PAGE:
Edward Brerewood

From Wikipedia, the free encyclopedia
Jump to navigation Jump to search

Edward Brerewood (or Bryerwood) (c. 1565–1613) was an English scholar and antiquary. He was a mathematician and logician, and wrote an influential book on the origin of languages.


He was son of Robert Brerewood, a wetglover, three times mayor of Chester, and was born and educated there at The King's School.[1] In 1581 he was sent to Brasenose College, Oxford, he graduated B. A. 15 February 1587, M.A. 9 July 1590. Then he migrated to St. Mary Hall, and on 26 September 1592, when Queen Elizabeth was at Oxford, he replied at a disputation in natural philosophy. In March 1596 he was chosen the first Gresham Professor of Astronomy in London.[2]

Brerewood, who was a member of the Old Society of Antiquaries, died on 4 November 1613, and was buried in the church of Great St. Helen. His library he bequeathed with his other effects to his nephew Robert Brerewood, a son of his elder brother, John Brerewood.

He is related to Thomas Brerewood (c.1670 - 22 December 1746), the grandson of Sir Robert Brerewood.

Writings and influence[edit]

Enquiries touching the diversity of languages and religions, through the chief parts of the world (1614) was published after his death by Robert Brerewood. There was a French translation in 1640 that attracted the attention of Richard Simon.[3] In 1655 the text was translated into German by Wilhelm Smeeth.[4]

Brerewood proposed in it that the Native Americans were descendants of the Tartars;[5] with that, he rejected the theory of Guillaume Postel identifying the Tartars as descending from the Lost Tribes.[6] Influentially, he tried to quantify Christians in the world, giving figures 19 parts heathen, 6 parts Muslim and 5 parts Christian by population, from 30 parts in all. These figures were still being quoted by John Wesley, well over a century later.[7]

A learned treatise of the Sabbath took up a criticism of strict Sabbatarianism against Nicholas Byfield. According to Christopher Hill, “No one penetrated so deeply into the social issues involved in the Sabbatarian controversy.”[8]


His works are:

  • De ponderibus et pretiis veterum nummorum, eorumque cum recentioribus collatione, London, 1614. This was first published by his nephew, and afterwards inserted in the 'Apparatus' of the Biblia Polyglotta, by Brian Walton, and also in the Critici Sacri, vol. viii.
  • Enquiries touching the Diversities of Languages and Religions through the chief parts of the world, London, 1614, 1622, 1635, 1647, &c. This was likewise published by his nephew, and afterwards translated into French by J. de la Montagne, Paris, 1640, and into Latin by John Johnston. Richard Simon made some remarks on Brerewood's work, under the pseudonym of le Sieur de Moni, in a treatise entitled Histoire critique de la créance et des coûtumes des nations du Levant, Frankfort (really printed at Amsterdam), 1684. In 1693 it was reprinted, and again since that date with the following alterations in the title:—Histoire critique des dogmes, des controverses, des coûtumes, et des ceremonies des Chretiens orientaux.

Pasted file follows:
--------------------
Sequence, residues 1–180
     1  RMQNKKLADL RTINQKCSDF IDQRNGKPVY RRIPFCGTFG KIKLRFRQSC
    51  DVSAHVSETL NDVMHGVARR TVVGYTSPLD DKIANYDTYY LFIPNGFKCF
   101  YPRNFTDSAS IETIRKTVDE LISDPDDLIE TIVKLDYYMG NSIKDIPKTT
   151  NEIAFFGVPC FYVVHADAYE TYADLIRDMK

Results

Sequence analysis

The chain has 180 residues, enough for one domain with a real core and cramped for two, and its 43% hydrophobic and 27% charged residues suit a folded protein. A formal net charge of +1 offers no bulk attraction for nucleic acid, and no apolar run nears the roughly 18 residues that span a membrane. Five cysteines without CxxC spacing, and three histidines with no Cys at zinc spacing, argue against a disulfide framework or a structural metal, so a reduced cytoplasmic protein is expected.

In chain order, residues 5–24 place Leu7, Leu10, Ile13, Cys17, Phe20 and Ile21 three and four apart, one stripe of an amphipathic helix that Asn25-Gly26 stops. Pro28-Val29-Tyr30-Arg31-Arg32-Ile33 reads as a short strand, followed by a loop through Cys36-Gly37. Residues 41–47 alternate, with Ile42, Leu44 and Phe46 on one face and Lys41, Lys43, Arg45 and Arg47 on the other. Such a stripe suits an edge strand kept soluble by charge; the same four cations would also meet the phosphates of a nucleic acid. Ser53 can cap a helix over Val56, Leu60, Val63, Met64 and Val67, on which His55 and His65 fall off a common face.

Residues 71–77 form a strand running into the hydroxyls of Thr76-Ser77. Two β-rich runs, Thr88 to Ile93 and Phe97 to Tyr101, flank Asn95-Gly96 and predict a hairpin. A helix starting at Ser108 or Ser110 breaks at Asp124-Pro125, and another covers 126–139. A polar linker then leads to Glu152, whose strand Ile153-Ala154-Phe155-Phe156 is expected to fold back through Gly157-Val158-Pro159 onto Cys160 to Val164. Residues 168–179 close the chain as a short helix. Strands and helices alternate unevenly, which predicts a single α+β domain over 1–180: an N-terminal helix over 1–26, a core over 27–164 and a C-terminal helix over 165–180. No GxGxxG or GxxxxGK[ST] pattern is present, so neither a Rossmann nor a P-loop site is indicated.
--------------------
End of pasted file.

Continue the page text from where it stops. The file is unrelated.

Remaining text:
• Elementa Logicæ, in gratiam studiosæ juventutis in academia Oxoniensi, London, 1614, 1615, &c.
  • Tractatus quidam logici de prædicabilibus, et prædicamentis, Oxford, 1628, 1637, &c. This book was first published by Thomas Sixesmith, M. A., fellow of Brasenose College, Oxford. A manuscript of it is preserved in Queen's College library in that university. The work is sometimes quoted as 'Brerewood de moribus.'
  • 'Tractatus duo: quorum primus est de meteoris, secundus de oculo,' Oxford, 1631, 1638. These two tracts were also published by Sixesmith.
  • A Treatise of the Sabbath, Oxford, 1630, 1631. This book was written as a letter to Nicholas Byfield, preacher at Chester, having been occasioned by a sermon of his relating to the morality of the Sabbath. It is dated from Gresham House 15 July 1611. Richard Byfield, Nicholas's brother, wrote a reply to it.
  • Mr. Byfield's Answer, with Mr. Brerewood's Reply, Oxford, 1631. These were both printed together, with the second edition of the former.
  • A second Treatise of the Sabbath, or an Explication of the Fourth Commandment, Oxford, 1632.
  • Commentarii in Ethica Aristotelis, Oxford, 1640. These commentaries relate only to the first four books, and were published by Sixesmith.
  • A Declaration of the Patriarchal Government of the antient Church, Oxford, 1641, London, 1647, Bremen, 1701. The Oxford edition is subjoined to a treatise called 'The original of Bishops and Metropolitans, briefly laid down by Archbishop Ussher,' &c.


  1. ^ "Inspirational Alumni Members". The King's School Chester. Archived from the original on 15 December 2011. Retrieved 2 December 2011.
  2. ^ http://www.compilerpress.atfreeweb.com/Anno%20Johnson%20Gresham.htm
  3. ^ Additions aux recherches curieuses sur la diversité des langues et religions d'Edward Brerewood (1983).
  4. ^ Brerewood, Edward. Glaubens-Forschung oder Kurtzer Bericht Von den unterschiedenen Religionen in der Welt. Übersetzt von Wilhelm Smeeth. Breßlaw: Kloßmann, 1655.
  5. ^ Colin Kidd, British Identities Before Nationalism: Ethnicity and Nationhood in the Atlantic World, 1600–1800 (1999), p. 39.
  6. ^ Tudor Parfitt, The Lost Tribes of Israel: The History of a Myth, p. 68.
  7. ^ Thomas C. Oden, John Wesley's Scriptural Christianity: A Plain Exposition of His Teaching on Christian Doctrine (1994), p. 163.
  8. ^ Christopher Hill, Intellectual Origins of the English Revolution (1965) , pp. 51–2.